Sunday, March 30, 2014

Systema: Montreal Systema: Montreal, QC

Background: My original impression of Systema was very much like my impression Jeet Kune Do. Just like Jeet Kune Do was the mysterious art of Bruce Lee, Systema was the mysterious art of the Russian Spetnaz. My exposure to Systema as a Martial Art had been incredibly limited and come mostly through the medium of television and Youtube. Shows like “Deadliest Warrior” showcased Systema and I had seen some neat demos on the web but nothing is as concrete as actually experiencing an art. My only “hands on” experience was to see people joke about Systema. Coming from a Russian Sambo background it was natural to make jests at the expense of a close cousin. You will see this dynamic played out in all sectors of Martial Arts. Judo and Ju Jitsu will make fun of the other. Jeet Kune Do and Wing Chun perpetually make jokes at the others expense. Truly, the comparisons are endless.

For my part, I wanted to see past the good natured jokes and really dive into Systema. What was this Martial Art and what would like be like to train with them? Montreal Systema leapt out at me the same way that so many of the places that I visit do, via Google. If there is any lesson that I could impart on Martial Arts instructors it is to make sure you can be found on the web. The importance of finding new and experienced students is paramount. Needless to say, Montreal Systema does this well and jumped off the screen at me.
Even warming up with Systema is pure aggression.

Kevin Secours is the head coach and is one of the most confident instructors I have “never met.” This turn of phrase will likely surprise many of the people that read this article. After all, the focus of this blog is to chronicle the interaction I have with various Martial Artists around the globe and the lessons I learn. It would seem self-defeating to write about someone that I have only exchanged a quick phone call with and a couple of short emails.  What lessons are there to learn from a man that you “never met?”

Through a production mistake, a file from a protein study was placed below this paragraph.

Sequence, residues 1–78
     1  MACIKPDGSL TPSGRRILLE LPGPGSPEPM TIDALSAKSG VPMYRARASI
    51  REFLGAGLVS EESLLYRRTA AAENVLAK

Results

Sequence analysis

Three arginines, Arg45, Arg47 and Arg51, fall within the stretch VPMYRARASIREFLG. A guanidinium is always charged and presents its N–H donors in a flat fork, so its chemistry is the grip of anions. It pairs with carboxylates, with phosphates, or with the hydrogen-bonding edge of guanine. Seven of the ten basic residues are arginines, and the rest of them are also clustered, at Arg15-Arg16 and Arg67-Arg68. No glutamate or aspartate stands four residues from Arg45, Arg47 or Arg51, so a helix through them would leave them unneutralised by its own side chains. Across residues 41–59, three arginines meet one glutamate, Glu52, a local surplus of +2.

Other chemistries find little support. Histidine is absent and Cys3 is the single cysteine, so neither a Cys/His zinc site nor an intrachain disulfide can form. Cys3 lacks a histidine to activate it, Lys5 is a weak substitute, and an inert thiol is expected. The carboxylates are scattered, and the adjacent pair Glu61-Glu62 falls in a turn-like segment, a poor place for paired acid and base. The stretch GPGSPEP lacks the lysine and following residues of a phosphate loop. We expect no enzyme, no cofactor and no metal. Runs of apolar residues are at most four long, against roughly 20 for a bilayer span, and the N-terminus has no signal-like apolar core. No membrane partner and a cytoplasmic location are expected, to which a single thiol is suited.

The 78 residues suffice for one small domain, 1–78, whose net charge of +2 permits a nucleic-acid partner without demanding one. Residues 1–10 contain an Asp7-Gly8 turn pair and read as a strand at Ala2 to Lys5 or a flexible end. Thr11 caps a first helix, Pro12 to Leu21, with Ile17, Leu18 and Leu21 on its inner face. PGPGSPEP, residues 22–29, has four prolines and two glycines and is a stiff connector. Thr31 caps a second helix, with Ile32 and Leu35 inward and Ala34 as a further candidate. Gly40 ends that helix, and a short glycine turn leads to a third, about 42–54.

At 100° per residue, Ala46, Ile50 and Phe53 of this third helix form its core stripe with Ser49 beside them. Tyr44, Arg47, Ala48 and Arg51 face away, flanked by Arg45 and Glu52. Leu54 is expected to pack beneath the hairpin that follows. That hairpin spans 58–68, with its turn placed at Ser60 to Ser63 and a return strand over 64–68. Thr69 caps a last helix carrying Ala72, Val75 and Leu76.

When I reached out to Mr. Secours he told me that he wasn't going to be in Montreal when I would be available to film. Naturally you can imagine my disappointment at this news. However, without missing a beat he told me that I could go to the class anyway and film with his assistant Instructor Danny. This speaks volumes about a Martial Artist. In a single sentence Mr. Secours expressed confidence in his Martial Art and moreover in his people. He didn't need to be there because he knew his class was rock solid and wouldn't let him down. You know you have done an exceptional job teaching when trust your whole class to represent you, your school and your Martial Art. Truth be told, he was completely right to have placed that level of faith in his crew because they were great.
Instructor Danny goes over some of the sensitivity drills Systema trains with.

What did I learn: Where to begin? Because I am restricted by a self-imposed word limit on these articles I want to focus on two areas . The first is the knife-fighting sensitivity drills that we did. Something I find very interesting is that so many “Reality Based Self-Defence” systems focus on using instincts as a basis for their theories. Systema strives to break down those instincts and build a much more functional set of behaviours. For example, the normal human reaction when you get pushed is to put a foot down and push back. Systema will train against this reflex and instead roll with the force.
Danny and George showing me how to roll and retrain myself.